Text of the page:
Click on the toolbar and slide the slider to left or right. A square grid switches on, great for aligning horizons, verticals, etc., and the image rotates and zooms so that the exercise automatically includes a crop when the image is judged to be in the right position. The tool is sensitive and can be stepped one small increment at a time. Then, when you move on to the next image iPhoto saves the changes automatically (tho' you can reset your editing and move on without any changes). It has occurred to me that making backup CDs of image downloads would be a good idea before any editing is done.

The photo book options have been greatly enhanced. Personally I had never considered this option before but the variety offered has made me think again. So I chose an album theme, selected images and then put together a book using full layout control (there is also an autoflow option to speed things up and this can be edited in order to fine tune the layout and sequence of the images). The book used a simple "theme" but other themes allow for annotation of individual images as well as an introduction. Very intuitive, very easy and very pleasing! I don't have an account set up for printing so I have not sent the files off but the pricing is reasonable. This appears to be a great way to obtain hard copy of the best shots! In many ways this is the final piece of the digital photography puzzle.

Another interesting option is the calendar. Because digital cameras record the date (and many other parameters) into the file, iPhoto can sort images chronologically and it is easy to open the calendar and scan what was taken on a particular date. Of course this doesn't work with scanned images from slides as the file creation date will reflect the date the slide was scanned.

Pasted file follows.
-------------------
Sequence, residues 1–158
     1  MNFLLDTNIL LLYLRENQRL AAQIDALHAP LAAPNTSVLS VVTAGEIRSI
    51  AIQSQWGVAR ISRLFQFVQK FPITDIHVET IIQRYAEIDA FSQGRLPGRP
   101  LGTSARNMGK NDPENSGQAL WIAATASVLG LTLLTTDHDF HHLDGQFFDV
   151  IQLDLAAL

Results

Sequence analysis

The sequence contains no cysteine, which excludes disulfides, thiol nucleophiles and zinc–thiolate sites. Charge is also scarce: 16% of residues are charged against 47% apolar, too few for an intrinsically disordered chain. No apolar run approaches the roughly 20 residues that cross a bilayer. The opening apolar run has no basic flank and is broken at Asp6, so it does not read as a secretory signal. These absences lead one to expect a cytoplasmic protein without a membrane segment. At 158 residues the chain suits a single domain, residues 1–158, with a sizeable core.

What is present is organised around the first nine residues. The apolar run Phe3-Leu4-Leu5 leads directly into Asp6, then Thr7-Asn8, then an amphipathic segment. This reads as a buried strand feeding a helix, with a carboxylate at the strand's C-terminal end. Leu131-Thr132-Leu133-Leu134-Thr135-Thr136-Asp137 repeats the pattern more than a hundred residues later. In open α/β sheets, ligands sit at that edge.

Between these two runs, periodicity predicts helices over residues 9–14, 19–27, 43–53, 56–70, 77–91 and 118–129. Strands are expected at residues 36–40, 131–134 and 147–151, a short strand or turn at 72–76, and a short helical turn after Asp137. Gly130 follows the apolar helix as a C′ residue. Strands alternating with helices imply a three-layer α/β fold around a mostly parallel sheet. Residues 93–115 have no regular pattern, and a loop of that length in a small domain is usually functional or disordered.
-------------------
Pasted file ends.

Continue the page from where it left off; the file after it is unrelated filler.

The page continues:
So, at first look, yes, iPhoto seems to be an excellent application.

Monday, February 14, 2005

Off road in Eastern Venezuela

I took this picture a year ago, somewhere in Eastern Venezuela. The day was Carnival (Mardi Gras) and I decided to work rather than play. Luis Contreras, who owns the Chevy 4 wheel drive in the picture, agreed to accompany me. Well, we really did find ourselves off road, looking for old oil wells. So I got out to take this photo. Then I remembered what someone had said earlier about Venezuelan wildlife and snakes in particular:

"There are fifty species of snake in Venezuela. Forty eight are deadly poisonous. The other two can squeeze you to death!"

I have this rather stupid theory when in snake country: stomp around and the vibrations will scare them all away. Seemed to work in this case!

Sunday, February 13, 2005

One very large aligator!

About six years ago we visited one of our favorite haunts along the Texas Gulf Coast, Anahuac National Wildlife Reserve, and saw more aligators that day than we have seen since despite returning often. This one was the oldest and largest, about twelve feet from nose to tail. Note how many teeth are missing!



And this is what Anuahac looks like (well, it actually doesn't look like this any more, the area had just been cleaned out and it is now overgrown again). The area is called Shoveler Pond and is a great location for all sorts of wildlife. Levees provide a dirt road from which wildlife can be studied and photographed. Cars are great bird blinds and of course they offer a large measure of safety from fast moving 'gators!



At the time we owned a Jeep Safari and here is April with telephoto lens at the ready for that Aligator photo!

Saturday, February 12, 2005

Fuji Finepix S7000 Update